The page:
Colombia is the world's largest cocaine producer (some 950,000 kilos per year). These crops are grown particularly on peasant, Indigenous and Afro-descendant territories, where processing laboratories have also been set up and where battles are fought for control of areas and trafficking corridors. And yet the anti-drug policies implemented by different governments under U.S. guidelines are affecting the rural communities just as much as the horrors of drug trafficking itself because they focus on eradicating crops and prosecuting growers while barely touching the supply channels, trafficking, money laundering and illegal armed actors operating in the territories.
The Duque government is currently intending to resume the most aggressive and conflictual methods of forced eradication, with a return to crop spraying with glyphosate and the repression of small producers in rural areas. This strategy is not only in contravention of the Peace Accord and the jurisprudence of the Constitutional Court but results in a relocation and expansion of the crops into new areas without really affecting the structure of the business or constraining the paramilitary and guerrilla groups that protect and run the trafficking networks, with the complicity of State officials.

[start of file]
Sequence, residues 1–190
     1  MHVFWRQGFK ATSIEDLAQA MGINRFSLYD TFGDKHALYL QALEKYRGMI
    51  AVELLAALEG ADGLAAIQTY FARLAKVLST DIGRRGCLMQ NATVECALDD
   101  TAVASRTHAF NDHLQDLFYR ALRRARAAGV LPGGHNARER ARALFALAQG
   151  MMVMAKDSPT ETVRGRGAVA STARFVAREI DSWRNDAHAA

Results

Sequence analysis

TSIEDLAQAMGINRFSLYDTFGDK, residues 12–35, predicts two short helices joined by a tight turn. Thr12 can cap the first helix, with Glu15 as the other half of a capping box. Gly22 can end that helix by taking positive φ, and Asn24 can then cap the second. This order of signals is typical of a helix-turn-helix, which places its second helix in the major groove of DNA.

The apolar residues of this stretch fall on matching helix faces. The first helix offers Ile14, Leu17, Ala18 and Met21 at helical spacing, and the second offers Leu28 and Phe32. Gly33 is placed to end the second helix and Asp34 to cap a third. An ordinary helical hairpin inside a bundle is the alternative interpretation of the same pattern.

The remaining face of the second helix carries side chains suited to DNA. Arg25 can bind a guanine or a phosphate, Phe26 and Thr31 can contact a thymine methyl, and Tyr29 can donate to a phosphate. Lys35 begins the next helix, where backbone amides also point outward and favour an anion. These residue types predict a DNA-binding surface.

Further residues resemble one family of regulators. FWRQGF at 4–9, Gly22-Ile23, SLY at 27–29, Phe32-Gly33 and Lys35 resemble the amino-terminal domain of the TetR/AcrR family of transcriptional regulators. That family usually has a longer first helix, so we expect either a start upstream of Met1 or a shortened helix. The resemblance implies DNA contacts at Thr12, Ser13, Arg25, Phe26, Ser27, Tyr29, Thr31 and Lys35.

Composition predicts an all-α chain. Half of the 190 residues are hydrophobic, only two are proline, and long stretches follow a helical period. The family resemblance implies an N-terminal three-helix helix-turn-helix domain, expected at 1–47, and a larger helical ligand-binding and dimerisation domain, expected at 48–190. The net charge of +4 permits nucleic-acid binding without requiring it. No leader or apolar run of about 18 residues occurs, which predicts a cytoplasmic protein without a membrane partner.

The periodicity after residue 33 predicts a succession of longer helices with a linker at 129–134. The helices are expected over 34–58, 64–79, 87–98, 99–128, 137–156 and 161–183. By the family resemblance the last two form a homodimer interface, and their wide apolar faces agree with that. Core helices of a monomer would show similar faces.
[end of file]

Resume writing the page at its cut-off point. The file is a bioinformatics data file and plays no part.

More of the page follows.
But how is drug trafficking related to the protests? Well, in Cali, the attacks on the Minga Indígena were carried out by armed civilians in vehicles bearing no licence plates. This modus operandi is typical of paramilitaries linked to drug trafficking and extreme right-wing groups in different regions and has given rise to the conclusion that they are now part of a strategy to annihilate the Minga and the young people who are participating in the protests.